Christmas Puzzles: Solutions 4

by ChessBase
1/7/2024 – On the final day of the (really quite traumatic) year 2023 we gave you two unusual chess puzzles: one where you had to add a king and bishop to construct a mate in two, and one where you had to reconstruct the entire position. We got them from Frank Scarpa, who today provides full explanations in two very fine videos. You're 'gonna hafta' watch them to get the solutions.

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On the final day of the year we gave you these two very unusual puzzles to solve:

Your task is to place a white king and a white bishop on the board so that White to move can mate in two moves. It was composed by Edward Dunsani and provided by Frank Scarpa, who has given us many entertaining problems on his YouTube channel Chess for Charity. Here's his explanation of the solution to the above example:

There is a second puzzle, by A. Frolkin and A. Kornilov, 1983, was really quite difficult:

Each letter stands for a specific black or white piece type. Reconstruct the position. Here's the solution, very nicely described by Frank.

During the Christmas week we conducted a very interesting experiment. We asked three people to solve these two problems, recording their efforts while they were doing it. The subjects were a chess super-talent, a strong grandmaster who is a problem expert, and an amateur chess player who is a quantum physicist and generally a super-smart person. In the next week we will be showing you how they fared.


Have you enjoyed these puzzles? We hope it will encourage you to venture into the fascinating world of chess composition. Our competition for amateur composers will close on January 15.

Please submit your compositions here

All Christmas 2023 puzzles


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ChessForCharity ChessForCharity 1/8/2024 04:08
Thank you for featuring these puzzles and my channel! It is greatly appreciated. :)
JoshuaVGreen JoshuaVGreen 1/8/2024 12:44
@Frits Fritschy, I think a "thank you" to you and me for pointing out the issues with the latter stipulation along with explicitly correcting it (either on the previous article, or mentioning the needed correction here) would be appropriate.
Frits Fritschy Frits Fritschy 1/7/2024 10:17
Joshua, I wouldn't like to see Frederic stopping his articles, and neither would I like to see you stopping your comments, as you clearly know what your talking about. But what do you want: make a point in the hope that won't be necessary a next time, or acknowledgment that you are right?
JoshuaVGreen JoshuaVGreen 1/7/2024 07:33
@Frederic, I'm not demanding that, and perhaps "dishonesty" was too strong a word (so please let me apologize for using it). Just please try to see things from the readers' perspective. We enjoy problems and come upon the December 31, 2023 post. Grateful for a new exercise and eager to dive in, we read the stipulation and attempt to solve the problem. However, we reach a stumbling block -- how can it be possible to infer the last two moves? In that position, I personally asked if I was missing something. My comment elicited absolutely no response from you, no answer to the question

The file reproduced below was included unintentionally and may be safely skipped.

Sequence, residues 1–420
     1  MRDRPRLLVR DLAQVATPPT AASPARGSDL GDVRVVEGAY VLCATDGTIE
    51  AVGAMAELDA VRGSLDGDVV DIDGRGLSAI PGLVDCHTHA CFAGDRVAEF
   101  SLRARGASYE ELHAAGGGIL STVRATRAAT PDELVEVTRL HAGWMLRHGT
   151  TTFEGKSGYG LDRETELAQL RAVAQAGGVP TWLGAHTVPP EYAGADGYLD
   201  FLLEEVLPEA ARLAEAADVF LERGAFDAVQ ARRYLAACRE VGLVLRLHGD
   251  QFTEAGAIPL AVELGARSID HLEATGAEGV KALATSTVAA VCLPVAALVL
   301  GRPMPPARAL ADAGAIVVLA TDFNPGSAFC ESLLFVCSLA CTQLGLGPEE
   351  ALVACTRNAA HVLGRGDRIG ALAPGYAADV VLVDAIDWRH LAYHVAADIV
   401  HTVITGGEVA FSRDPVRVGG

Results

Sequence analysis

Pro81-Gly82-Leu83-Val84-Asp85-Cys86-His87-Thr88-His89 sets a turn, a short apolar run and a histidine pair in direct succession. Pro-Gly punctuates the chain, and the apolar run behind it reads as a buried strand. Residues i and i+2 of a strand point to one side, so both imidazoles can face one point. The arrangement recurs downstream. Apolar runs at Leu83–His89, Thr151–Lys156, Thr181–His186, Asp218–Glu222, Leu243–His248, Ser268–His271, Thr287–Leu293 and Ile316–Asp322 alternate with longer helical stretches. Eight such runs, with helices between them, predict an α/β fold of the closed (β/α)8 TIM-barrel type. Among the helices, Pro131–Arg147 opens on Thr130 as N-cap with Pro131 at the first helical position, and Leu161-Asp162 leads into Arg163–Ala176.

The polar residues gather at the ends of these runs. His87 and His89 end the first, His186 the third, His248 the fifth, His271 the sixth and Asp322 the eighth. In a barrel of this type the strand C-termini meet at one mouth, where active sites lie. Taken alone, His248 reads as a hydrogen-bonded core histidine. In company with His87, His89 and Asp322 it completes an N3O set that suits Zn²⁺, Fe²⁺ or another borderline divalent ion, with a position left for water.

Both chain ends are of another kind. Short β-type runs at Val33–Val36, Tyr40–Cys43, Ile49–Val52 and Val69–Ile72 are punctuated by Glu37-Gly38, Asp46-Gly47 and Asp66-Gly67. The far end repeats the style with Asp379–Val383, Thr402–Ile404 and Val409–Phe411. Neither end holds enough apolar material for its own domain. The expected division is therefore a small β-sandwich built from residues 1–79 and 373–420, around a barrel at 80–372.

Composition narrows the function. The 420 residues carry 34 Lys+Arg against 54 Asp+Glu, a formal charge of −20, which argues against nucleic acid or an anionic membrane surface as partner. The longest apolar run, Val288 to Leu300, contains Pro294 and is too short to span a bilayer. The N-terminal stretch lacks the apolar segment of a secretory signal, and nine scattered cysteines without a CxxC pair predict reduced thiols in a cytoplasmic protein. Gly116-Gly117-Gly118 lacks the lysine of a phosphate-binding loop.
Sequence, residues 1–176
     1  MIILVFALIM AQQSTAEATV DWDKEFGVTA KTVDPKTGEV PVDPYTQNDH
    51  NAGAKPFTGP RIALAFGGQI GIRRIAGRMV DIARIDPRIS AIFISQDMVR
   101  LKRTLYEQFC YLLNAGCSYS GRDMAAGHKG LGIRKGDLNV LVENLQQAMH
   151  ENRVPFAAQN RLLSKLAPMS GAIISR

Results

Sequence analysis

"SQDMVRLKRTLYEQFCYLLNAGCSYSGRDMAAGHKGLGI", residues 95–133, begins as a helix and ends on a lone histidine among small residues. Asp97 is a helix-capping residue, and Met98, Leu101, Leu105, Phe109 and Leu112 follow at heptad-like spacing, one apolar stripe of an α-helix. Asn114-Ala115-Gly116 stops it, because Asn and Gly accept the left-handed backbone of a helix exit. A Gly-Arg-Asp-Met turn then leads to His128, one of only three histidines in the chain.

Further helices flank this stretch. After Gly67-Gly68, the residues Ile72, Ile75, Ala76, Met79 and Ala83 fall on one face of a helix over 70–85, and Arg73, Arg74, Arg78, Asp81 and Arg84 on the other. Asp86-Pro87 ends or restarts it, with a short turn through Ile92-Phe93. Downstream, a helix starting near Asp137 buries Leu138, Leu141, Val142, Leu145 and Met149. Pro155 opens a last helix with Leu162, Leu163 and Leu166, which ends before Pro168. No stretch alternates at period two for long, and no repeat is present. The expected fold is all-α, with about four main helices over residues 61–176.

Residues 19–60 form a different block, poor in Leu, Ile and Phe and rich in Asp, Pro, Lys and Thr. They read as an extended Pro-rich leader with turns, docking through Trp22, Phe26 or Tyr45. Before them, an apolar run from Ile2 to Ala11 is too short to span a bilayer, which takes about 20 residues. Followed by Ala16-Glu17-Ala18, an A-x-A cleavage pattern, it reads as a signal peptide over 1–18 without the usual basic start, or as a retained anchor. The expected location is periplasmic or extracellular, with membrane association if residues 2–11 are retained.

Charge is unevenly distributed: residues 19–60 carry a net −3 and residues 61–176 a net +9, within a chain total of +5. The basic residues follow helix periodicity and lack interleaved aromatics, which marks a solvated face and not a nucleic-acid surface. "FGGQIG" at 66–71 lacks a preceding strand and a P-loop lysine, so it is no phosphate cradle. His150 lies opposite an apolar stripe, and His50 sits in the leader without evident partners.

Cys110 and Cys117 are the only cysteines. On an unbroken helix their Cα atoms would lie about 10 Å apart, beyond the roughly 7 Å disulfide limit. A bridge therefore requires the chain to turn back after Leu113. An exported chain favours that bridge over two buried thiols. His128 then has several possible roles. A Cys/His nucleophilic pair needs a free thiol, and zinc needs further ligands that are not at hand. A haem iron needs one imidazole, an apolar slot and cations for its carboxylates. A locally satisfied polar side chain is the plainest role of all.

- Is there some way to infer the moves that I'm missing, or
- Is the stipulation wrong and going to be corrected?
though you did comment on the difficulty claims.
We now come to today's page, where you say that you're providing the solutions to the posed problems. Great, but you didn't give the solution to the second part of your posed stipulation; rather, no mention of it exists here. If you thought that the second part was a valid stipulation before (as implied by your including it in the first place and not responding to the comments about it) then why didn't you include it here?
Frederic Frederic 1/7/2024 06:08
@JoshuaVGreen: I am sorry for my inaccuracy and dishonesty. I think I should give up this area of what I thought was good entertainment. Stick to regular tournament result report and stuff.
JoshuaVGreen JoshuaVGreen 1/7/2024 03:27
I was curious how you'd present the first problem, and I'm disappointed to see you trying to silently erase your mistaken stipulation. Here you've simply written the stipulation as

"Your task is to place a white king and a white bishop on the board so that White to move can mate in two moves."

which is correct, but when you previously posted this (on December 31, 2023) you included a second stipulation:

"There is a second task: once you have found the solution, you must show how the position could have arisen in a normal game of chess – i.e. reconstruct the last two legal moves before the position with the king and bishop."

At the time several of us pointed out that this was impossible, and at no point did you ever apologize for setting the solver an impossible task (or even admit that it was impossible). The video just shows one possibility for illustrative purposes, and the speaker admits that it (probably) doesn't matter. At best only Black's previous ply can be determined, and even that not totally (since we can't specify what was captured); White's ply before that is totally undetermined.

I don't really fault you for mistakes, but I do fault you for what looks like clear dishonesty, quietly omitting that second stipulation here. Even a simple admission that your original stipulation wasn't really solvable, that there were many possibilities and you merely had to demonstrate legality by finding one (in contrast to what such phrasing would normally mean) would go a long way.
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